Generally, if you’re wearing No. 44 on your back, they expect you to hit. So it comes as no surprise that Cal junior Mitch Delfino emerged as the Golden Bears’ top hitter this season.
Delfino spent two seasons carving a niche as Cal’s starting third baseman. In a part-time role as a freshman in 2010 he hit .315, before hitting .260 last year while anchoring the hot corner amid Cal’s Cinderella run to Omaha.
This season, though, the 6-foot-3 junior earned a regular spot in the middle of Cal’s batting order. The right-handed hitting slugger paced the Golden Bears with a .355 batting average and a .485 slugging percentage.
“I could always see his offensive upside,” Cal All-American second baseman Tony Renda said. “He’s a big kid. He’s strong. I could see it. I was like: ‘It’s gonna click for him some day. He’s going to get it, and when he does, look out, he’s going to be really good.’ And it just so happened it clicked this year.”
Delfino was a highly touted shortstop prospect out of Cloverdale H.S. His three-year varsity career culminated in a USA Today second team All-American nod in 2009, while hiting for a .591 average.
“I’ve always hit well average-wise and had decent power,” Delfino said. “I’ve never felt that anyone could get me out, which obviously is not always the case. But I’ve always been pretty comfortable at the plate.”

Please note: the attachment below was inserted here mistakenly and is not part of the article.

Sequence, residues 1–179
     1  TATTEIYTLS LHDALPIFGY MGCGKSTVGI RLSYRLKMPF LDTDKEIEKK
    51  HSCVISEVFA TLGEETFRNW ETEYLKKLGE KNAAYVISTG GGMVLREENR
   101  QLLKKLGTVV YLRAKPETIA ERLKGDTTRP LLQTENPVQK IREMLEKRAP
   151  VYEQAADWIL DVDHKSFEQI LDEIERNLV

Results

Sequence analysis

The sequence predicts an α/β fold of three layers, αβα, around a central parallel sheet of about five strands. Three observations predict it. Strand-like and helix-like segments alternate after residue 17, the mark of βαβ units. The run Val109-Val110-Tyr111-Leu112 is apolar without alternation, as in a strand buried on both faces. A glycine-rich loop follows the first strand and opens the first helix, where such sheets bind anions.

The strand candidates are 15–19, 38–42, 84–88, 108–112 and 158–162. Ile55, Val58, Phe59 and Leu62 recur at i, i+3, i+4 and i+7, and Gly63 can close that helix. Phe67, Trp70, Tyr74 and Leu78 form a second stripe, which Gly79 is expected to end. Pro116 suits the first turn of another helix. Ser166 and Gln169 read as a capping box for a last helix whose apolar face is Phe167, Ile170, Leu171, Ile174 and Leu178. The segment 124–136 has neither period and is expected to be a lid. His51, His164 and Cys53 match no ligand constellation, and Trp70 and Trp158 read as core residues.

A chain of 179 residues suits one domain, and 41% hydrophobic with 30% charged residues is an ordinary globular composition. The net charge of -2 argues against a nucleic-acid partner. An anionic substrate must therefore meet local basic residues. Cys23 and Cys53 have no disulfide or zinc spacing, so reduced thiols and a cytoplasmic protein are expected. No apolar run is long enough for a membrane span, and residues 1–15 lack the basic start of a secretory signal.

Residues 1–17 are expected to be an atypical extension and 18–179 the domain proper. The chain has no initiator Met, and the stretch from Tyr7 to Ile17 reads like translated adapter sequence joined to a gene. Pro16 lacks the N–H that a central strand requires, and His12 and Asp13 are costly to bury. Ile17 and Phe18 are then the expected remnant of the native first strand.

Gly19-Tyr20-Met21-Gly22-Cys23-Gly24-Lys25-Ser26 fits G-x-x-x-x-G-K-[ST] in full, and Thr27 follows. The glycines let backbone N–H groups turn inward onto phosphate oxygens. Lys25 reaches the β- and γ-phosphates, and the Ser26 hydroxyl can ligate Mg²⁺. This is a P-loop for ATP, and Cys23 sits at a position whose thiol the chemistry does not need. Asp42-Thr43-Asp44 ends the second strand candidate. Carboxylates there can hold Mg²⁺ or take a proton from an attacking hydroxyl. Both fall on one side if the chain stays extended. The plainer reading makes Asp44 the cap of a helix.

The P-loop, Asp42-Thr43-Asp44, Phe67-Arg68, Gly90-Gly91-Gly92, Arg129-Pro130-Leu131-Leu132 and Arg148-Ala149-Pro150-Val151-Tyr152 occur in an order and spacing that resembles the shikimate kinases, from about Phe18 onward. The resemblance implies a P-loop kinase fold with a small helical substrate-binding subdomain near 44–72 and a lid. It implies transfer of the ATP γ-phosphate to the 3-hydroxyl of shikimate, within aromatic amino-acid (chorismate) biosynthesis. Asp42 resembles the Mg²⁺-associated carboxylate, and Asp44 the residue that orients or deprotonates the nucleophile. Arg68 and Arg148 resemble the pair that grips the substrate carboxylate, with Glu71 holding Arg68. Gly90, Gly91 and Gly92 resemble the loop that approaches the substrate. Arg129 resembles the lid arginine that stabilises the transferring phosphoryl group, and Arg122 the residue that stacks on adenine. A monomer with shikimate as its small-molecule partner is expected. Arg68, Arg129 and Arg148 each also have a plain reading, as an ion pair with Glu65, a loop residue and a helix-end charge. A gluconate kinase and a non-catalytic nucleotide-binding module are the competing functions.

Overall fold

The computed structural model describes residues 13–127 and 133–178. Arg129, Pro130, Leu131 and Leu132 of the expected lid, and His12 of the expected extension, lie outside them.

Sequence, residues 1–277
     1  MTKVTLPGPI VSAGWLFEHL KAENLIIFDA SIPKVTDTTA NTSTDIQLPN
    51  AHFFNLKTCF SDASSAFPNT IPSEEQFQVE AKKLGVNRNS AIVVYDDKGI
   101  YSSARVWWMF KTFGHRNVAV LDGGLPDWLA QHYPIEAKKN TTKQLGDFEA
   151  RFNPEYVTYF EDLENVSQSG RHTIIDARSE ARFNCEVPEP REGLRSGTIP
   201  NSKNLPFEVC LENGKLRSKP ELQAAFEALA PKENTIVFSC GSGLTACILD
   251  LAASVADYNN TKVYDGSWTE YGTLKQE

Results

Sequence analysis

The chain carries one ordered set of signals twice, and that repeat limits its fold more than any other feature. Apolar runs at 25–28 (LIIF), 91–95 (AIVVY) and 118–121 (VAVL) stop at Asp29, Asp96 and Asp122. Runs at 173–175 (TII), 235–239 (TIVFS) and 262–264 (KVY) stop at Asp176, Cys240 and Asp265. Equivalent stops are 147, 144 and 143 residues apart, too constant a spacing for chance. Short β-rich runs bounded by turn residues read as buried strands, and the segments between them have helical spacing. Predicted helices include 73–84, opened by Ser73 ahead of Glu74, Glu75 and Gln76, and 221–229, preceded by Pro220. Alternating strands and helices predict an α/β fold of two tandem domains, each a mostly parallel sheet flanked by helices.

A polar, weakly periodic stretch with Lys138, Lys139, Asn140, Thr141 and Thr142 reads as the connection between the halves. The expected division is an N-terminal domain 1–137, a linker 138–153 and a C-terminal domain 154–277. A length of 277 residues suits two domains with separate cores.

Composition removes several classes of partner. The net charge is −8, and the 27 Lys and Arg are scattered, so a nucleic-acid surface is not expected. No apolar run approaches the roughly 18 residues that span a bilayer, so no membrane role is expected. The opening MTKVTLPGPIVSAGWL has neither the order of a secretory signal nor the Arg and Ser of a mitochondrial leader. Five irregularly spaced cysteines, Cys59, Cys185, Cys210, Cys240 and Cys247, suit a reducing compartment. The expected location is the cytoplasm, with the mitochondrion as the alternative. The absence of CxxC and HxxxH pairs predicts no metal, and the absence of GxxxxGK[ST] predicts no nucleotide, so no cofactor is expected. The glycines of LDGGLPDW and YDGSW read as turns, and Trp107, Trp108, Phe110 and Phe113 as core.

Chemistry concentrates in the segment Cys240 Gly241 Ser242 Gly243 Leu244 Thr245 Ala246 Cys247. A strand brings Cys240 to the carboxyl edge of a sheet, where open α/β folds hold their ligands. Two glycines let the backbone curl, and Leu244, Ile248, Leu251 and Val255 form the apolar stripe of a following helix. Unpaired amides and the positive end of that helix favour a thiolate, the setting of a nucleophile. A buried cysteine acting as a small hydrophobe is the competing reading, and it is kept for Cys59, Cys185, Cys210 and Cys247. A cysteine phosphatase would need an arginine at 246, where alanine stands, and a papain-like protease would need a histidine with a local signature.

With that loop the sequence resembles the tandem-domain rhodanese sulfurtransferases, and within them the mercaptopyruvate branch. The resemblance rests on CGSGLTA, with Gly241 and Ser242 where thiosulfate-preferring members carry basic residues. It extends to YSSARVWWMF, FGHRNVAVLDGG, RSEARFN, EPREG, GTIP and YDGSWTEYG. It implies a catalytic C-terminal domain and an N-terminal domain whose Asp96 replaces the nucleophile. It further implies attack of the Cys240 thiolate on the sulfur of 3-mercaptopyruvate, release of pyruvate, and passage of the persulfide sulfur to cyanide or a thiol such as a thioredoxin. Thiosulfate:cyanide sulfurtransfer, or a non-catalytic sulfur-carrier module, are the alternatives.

As a two-way prep player, Delfino posted a 7-2 record on the mound, though he finished his prep career with a heartbreaking complete-game loss – a 1-0 playoff loss to Berean Christian that ended Cloverdale’s season.
Upon his arrival at Cal, Defino made a seamless transition to the hot corner. And although Renda earned the starting nod at third to start the year, his defensive struggled opened the door for Delfino. He’s been a fixture there ever since. But, it wasn’t until this season that a lot of work in the cages began paying off. With the help of Cal hitting coach Tony Arnerich, Delfino deconstructed his swing before his freshman year. Working with Arnerich was a revelation to Delfino, who had never worked with a hitting coach previous to Cal.
“I definitely had to work at it. I think I’ve gone through seven or eight different batting stances since I’ve been here,” Delfino said. “It’s all about trying to get my swing as quick as I can to the ball. Sometimes I tend to get a little long. So, a lot of off-day Monday work with Tony Arnerich.”
The first alteration his freshman season was lowing his hands to create a shorter path to the ball. As Delfino grew into the Division-I game, and into the new BBCOR bats which force hitters to generate their own power, he built his was back to a high-hands set, which fueled his insurgence this season.
“This year I’ve stayed with the same stance all year, and felt comfortable with it,” Delfino said. “We found something that worked and stuck with it.”
Delfino’s performance was a silver lining on an otherwise disappointing season for Cal. Despite entering into Pac-12 play with an 11-4 overall record, the Bears scuffled in conference by dropping three of their first four series, then getting swept twice down the stretch. Their struggles culminated in an 11-15 conference record, and an eighth-place finish in the Pac-12 in failing to return to the postseason.